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    I had a builder/joiner in looking at this. He warned me against mounting onto plasterboard obviously - I have new build timber-frame. Since my mounting location has no timber joists running up it - and just one big space which the plasma fills, he said he would have to fit some wooden struts between the two upright pieces of wood and then the plasma onto that - basically the screen will not be attached to the plasma but instead to the strut. Seems OTT but then I don't want it crashing down on my son!
     
  11. AFC

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    I mounted mine directly onto plasterboard with 8 x 10m fixings. I can't remember exactly what sort but they're all metal (not the spring loaded ones) and you drill the hole insert the whole fixing then tighten the screw which pulls the rear of the fixing into the back of the platerboard. Undo the screw, stick the plasma mounting into place and tighten the screws back up.

    I tried these fixings out on a wall mounted cupboard in a spare bedroom about 3 months before I bought my plasma and it's been fine. So, I thought, why not use the same for the plasma and hey presto it's been in situ for just over 2 months now. I think with 8 mounting screws it's safe enough.

    I did test the wall mount with some force before putting the plasma on it just to make sure.

    Good luck
     
  12. rooster

    rooster
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    Thanks for the help guys. Good diagram nealgs/ Does that not mean that your plasma juts out more than it needs to then i.e thickness of mdf. I don't think i can do it that way anyway as joists seem to be 1m apart and if i was to fix mdf to them then plasma would not cover it. I think i need to go down route of cutting hole in plasterboard and adding more wooden struts in the right place for the mount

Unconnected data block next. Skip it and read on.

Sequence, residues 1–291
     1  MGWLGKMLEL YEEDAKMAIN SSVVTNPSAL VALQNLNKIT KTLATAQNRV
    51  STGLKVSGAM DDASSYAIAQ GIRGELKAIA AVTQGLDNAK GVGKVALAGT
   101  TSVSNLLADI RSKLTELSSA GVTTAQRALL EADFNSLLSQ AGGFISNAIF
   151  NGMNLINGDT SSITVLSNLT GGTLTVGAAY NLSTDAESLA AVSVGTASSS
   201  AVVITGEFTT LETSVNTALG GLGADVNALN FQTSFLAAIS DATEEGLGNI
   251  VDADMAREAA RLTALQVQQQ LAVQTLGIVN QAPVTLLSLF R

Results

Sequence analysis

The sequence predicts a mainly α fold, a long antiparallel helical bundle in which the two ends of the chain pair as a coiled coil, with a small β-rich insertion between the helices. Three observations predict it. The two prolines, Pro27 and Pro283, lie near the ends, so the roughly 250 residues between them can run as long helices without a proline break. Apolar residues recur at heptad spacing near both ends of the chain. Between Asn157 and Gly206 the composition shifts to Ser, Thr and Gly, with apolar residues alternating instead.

13. Rollin

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    Mines mounted on plasterboard with the fixings used above. You can get them from B and Q. I have metal studs and plasterboard wall. I think I put 2 fixings through the metal studs and about 6 more through the plasterboard. The bracket supported me pulling with all my strength and didn't move. Plasma has been up 6 months +.
     
  14. tamthetim

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    roster.............rollin's method sounds about right.....the metal fixings through plasterboard are usuallt called toggle bolts..............but you should be able to fix to 2 vertical timber partition members with wood screws.......and possibly a horizontal one if you can find it.........reason is plasterboard generally comes if 1200mm wide sheets.............so the vertical members are set to take the ends of the boards and support in between all so.........so the verts should be at 400 or 600mm centres.........look out for any signs of screw or nails covered with filler and measure the space between them to give you the centres..............or buy a detector from B&Q, argos.

    hope this helps
     
  15. Twilliams

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    Wow something I can actually give advice to while on the plasma pages. I'm a joiner by trade, and if I where spending £2000+ on a TV to hang on the wall, I certainly wouldn't put it up with the hope it stays up. plaster board fixings are all well and good and it might hang there happily for years but I wouldn't fix one up that way, its just not worth the risk. with plasterboard fixings its all about leverage. they work well with thrust that is very near to the wall so theoretically a plasma is suitable. just a bit heavy. I'm often asked to hand shelves onto stud walls for people and the first thing I ask is what's going on them if its a big row of books then the plasterboard fixings go out the window, the weight and the leverage sticking out from the walls will eventually peal the brackets off the wall.